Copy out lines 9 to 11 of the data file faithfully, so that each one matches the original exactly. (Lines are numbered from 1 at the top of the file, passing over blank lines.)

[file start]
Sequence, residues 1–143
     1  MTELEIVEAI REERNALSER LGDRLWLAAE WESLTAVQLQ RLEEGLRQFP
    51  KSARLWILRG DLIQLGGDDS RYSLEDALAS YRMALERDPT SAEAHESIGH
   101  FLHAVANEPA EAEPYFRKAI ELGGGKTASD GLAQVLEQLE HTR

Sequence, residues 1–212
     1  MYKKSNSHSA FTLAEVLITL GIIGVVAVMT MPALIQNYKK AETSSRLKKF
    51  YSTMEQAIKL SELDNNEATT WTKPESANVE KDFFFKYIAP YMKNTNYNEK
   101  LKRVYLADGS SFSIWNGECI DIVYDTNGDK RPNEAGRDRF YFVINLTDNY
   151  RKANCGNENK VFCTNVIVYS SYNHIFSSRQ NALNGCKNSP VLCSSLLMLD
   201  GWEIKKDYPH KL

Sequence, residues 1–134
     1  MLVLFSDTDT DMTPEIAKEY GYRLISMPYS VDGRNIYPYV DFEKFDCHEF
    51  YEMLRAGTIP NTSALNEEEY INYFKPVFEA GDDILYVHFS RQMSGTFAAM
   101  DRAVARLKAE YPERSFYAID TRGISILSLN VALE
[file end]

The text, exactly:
   151  RKANCGNENK VFCTNVIVYS SYNHIFSSRQ NALNGCKNSP VLCSSLLMLD
   201  GWEIKKDYPH KL

Sequence, residues 1–134